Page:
I hope the stories about the Syrian wounded being treated in Israeli hospitals are true; and if more can be done on the humanitarian level, so much the better.

Uri Dromi is a columnist based in Jerusalem. He was the spokesman for the Rabin and Peres governments of Israel from 1992-96

Israelis look at the nearby Syrian village of Jebata al-Khashabn from an Israeli army post near the border in Golan Heights. Photograph: Getty Images
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Europe’s last Blairite: Can Manuel Valls win the French presidency?

He first made a name for himself protesting against halal supermarkets. Now, he could be the man to take down François Hollande.

The election of François Hollande as the president of France in 2012 coincided with the high-water mark of Ed Miliband’s leadership of the Labour Party. That year, Labour posted its best local election results in 17 years, gaining 823 councillors and winning control of 32 councils in a performance that has not yet been surpassed or equalled.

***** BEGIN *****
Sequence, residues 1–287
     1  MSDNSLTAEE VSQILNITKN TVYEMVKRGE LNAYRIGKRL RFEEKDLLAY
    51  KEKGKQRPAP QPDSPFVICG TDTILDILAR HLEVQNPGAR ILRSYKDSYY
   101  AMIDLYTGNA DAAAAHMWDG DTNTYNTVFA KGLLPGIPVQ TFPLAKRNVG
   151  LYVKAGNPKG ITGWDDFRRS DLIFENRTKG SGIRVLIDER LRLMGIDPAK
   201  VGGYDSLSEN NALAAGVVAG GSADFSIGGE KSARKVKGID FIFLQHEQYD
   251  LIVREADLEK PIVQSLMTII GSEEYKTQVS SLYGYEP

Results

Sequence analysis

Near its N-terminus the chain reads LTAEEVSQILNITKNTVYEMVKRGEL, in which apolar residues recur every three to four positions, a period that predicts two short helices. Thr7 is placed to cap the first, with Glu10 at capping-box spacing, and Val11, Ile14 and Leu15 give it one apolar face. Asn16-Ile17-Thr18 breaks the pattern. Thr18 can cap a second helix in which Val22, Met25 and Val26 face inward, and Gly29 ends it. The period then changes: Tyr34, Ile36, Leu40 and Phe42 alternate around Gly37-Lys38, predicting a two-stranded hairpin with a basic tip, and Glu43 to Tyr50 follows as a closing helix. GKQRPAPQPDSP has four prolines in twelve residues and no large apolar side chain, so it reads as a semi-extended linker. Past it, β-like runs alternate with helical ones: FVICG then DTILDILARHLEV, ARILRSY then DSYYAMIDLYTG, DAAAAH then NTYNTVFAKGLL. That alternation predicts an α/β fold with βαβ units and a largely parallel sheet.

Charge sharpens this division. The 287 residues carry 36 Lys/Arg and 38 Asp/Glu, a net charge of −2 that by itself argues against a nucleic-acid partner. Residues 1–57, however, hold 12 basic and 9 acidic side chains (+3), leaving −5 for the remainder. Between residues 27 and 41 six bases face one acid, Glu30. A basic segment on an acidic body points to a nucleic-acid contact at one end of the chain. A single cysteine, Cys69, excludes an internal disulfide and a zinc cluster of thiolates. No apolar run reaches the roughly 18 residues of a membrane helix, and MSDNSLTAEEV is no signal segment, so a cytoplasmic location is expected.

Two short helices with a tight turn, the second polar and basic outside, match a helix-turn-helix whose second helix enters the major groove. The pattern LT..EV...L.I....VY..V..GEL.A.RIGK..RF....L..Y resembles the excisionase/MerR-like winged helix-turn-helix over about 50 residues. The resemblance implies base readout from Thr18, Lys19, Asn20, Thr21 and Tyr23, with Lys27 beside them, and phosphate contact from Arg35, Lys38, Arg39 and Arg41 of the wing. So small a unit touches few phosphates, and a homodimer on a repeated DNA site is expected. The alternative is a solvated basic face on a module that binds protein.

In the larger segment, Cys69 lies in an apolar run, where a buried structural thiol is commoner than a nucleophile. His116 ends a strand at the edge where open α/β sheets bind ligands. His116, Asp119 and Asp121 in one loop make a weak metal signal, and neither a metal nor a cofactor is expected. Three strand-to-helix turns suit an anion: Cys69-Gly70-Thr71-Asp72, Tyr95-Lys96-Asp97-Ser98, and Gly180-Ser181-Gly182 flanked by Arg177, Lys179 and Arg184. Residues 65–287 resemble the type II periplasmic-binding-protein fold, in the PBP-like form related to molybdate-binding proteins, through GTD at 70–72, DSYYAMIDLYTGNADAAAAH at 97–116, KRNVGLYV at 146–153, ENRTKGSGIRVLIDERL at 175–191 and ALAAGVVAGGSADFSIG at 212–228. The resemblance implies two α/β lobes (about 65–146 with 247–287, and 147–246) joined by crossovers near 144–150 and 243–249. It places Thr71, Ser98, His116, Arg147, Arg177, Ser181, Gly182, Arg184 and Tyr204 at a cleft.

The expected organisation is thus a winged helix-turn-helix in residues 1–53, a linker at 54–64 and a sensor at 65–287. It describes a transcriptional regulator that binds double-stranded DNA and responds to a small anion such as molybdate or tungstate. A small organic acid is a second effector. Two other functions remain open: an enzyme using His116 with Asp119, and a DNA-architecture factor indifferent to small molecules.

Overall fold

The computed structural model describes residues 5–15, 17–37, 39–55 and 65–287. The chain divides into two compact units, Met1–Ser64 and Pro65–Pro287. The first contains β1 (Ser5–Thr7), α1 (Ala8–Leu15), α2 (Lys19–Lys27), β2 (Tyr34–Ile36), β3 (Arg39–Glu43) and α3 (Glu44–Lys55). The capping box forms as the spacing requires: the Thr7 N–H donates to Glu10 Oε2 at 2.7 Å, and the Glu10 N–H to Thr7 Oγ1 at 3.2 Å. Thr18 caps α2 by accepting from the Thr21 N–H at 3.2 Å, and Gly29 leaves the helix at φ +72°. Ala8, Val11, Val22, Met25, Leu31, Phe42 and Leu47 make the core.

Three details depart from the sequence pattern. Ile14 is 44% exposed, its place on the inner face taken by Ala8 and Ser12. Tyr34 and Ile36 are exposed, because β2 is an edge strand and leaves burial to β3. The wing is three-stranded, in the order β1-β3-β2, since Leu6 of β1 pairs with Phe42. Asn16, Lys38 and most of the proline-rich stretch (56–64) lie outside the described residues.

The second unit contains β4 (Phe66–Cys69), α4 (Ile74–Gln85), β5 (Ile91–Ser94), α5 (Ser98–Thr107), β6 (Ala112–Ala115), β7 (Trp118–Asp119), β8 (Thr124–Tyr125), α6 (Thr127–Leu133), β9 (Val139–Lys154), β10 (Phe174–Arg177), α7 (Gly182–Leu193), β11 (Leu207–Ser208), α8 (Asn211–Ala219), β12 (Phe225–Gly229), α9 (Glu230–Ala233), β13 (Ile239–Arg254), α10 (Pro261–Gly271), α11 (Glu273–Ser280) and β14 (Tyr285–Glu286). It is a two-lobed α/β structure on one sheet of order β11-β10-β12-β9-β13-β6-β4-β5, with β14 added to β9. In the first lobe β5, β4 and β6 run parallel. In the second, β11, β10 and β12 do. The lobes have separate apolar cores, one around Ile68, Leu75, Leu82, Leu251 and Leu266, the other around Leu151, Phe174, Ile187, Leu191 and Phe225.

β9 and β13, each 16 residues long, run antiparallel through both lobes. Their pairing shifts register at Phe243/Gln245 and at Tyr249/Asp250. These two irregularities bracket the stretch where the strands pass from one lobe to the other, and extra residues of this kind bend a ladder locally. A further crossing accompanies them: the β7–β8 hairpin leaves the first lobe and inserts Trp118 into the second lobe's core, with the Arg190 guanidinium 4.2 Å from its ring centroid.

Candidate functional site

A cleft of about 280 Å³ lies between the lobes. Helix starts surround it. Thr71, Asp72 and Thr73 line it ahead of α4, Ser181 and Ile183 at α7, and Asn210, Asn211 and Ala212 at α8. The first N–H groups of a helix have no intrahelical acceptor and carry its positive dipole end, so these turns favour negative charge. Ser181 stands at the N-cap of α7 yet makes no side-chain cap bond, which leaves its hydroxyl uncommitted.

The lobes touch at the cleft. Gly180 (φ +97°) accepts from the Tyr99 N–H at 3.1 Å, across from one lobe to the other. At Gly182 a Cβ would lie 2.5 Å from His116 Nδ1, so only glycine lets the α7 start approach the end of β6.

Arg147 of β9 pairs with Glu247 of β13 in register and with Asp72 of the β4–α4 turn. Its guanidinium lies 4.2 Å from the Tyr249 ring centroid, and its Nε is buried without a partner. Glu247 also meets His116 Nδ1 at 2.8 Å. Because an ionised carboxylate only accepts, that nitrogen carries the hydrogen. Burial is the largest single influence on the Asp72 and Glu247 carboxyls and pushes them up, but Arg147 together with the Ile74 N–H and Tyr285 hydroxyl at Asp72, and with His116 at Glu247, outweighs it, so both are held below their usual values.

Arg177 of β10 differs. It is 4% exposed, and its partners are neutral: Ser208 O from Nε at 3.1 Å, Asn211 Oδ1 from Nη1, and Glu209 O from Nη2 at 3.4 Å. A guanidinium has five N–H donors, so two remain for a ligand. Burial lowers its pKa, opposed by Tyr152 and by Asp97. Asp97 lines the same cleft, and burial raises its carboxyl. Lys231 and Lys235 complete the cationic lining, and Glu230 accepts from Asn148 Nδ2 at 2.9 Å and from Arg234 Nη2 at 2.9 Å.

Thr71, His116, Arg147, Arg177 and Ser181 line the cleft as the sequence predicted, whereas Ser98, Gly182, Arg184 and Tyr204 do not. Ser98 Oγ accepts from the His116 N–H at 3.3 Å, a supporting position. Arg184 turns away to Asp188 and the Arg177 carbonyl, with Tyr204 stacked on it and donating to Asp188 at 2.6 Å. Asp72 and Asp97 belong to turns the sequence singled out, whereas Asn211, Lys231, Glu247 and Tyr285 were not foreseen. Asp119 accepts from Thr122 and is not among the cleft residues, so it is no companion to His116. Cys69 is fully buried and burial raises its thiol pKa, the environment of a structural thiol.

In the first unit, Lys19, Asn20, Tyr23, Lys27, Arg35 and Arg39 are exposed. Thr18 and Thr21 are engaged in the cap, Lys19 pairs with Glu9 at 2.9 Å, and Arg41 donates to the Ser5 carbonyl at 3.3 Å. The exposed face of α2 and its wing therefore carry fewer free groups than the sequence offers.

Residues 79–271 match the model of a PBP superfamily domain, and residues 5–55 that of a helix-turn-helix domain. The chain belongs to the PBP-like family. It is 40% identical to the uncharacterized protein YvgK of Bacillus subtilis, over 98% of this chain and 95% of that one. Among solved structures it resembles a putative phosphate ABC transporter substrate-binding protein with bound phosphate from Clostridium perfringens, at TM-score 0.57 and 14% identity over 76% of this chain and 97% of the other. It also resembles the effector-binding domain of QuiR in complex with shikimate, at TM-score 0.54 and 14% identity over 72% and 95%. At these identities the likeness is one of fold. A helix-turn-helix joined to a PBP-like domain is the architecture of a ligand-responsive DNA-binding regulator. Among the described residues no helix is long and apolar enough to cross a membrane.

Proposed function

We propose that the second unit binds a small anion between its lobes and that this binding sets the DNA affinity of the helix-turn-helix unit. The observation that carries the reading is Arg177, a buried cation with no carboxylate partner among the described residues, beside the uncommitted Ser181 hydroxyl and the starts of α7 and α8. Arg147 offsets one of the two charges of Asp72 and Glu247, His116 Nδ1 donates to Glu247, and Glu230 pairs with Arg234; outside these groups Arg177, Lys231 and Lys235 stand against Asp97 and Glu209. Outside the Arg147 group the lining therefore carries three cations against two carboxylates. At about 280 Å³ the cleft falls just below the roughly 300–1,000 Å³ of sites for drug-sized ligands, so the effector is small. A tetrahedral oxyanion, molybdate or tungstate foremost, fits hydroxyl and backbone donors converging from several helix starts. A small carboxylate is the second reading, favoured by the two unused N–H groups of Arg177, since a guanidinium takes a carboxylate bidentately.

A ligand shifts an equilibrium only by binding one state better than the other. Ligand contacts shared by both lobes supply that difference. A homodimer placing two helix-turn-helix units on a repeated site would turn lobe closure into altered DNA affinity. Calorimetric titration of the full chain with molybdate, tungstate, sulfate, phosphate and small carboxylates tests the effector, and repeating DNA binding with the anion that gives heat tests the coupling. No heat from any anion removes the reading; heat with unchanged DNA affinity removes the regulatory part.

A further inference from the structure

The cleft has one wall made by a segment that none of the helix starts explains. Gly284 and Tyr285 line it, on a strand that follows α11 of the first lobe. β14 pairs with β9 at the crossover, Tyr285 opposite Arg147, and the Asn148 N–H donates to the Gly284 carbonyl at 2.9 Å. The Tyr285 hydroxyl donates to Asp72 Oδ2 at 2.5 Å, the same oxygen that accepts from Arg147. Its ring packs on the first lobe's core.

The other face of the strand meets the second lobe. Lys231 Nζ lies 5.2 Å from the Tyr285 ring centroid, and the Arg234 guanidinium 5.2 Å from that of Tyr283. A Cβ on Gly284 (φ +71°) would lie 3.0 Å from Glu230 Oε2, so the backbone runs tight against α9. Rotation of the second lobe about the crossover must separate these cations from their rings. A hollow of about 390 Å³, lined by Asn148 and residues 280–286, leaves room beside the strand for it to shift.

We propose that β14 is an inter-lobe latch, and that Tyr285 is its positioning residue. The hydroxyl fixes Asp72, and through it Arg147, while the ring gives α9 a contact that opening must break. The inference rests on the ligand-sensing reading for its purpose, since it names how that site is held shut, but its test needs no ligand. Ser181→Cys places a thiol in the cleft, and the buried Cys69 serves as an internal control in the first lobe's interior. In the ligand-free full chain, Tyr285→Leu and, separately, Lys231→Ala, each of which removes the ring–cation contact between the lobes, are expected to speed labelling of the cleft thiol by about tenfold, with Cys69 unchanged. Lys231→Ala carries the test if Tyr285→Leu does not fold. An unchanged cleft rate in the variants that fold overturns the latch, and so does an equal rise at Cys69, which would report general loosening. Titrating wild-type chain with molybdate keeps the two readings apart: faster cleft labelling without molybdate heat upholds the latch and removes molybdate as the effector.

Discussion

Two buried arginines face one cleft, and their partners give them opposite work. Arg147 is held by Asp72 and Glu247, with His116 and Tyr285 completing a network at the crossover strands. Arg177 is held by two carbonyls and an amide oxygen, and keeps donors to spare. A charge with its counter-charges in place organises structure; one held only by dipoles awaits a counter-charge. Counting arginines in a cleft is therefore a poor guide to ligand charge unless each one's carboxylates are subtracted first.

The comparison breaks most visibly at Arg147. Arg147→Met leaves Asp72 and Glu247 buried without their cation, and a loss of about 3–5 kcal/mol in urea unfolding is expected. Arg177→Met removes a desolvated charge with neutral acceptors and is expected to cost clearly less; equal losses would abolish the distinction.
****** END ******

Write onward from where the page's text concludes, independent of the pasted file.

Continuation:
Gazing across the Channel, the Milibandites were given hope. Hollande showed that a wonkish career politician could triumph over a charismatic centre-right incumbent.

The UK’s shattered Blairites looked to a different star rising in French politics: Manuel Valls. At the time of Hollande’s victory, Valls was the mayor of Évry, a small suburb of Paris, where he made a name for himself by campaigning against halal supermarkets.

His father, Xavier, was a Spanish painter and his mother, Luisangela, was Swiss-Italian. They met and married in Paris, and Valls was born in Barcelona while the couple were on holiday.

In 2009 Valls urged the Parti Socialiste (PS) to drop the adjective “socialist” from its name, and he ran for the presidential nomination two years later on what he described as a Blairiste platform. This included scrapping the 35-hour working week, which hardly applies outside of big business and the public sector but carries symbolic weight for the French left. Valls’s programme found few supporters and he came fifth in a field of six, with just 6 per cent of the vote.